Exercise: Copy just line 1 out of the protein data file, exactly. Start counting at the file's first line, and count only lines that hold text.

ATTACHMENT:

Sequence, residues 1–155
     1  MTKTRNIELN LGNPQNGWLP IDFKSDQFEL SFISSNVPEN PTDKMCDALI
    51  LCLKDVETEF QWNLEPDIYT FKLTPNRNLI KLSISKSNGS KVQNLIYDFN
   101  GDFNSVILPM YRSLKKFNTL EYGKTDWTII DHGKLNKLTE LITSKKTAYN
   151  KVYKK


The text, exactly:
Sequence, residues 1–155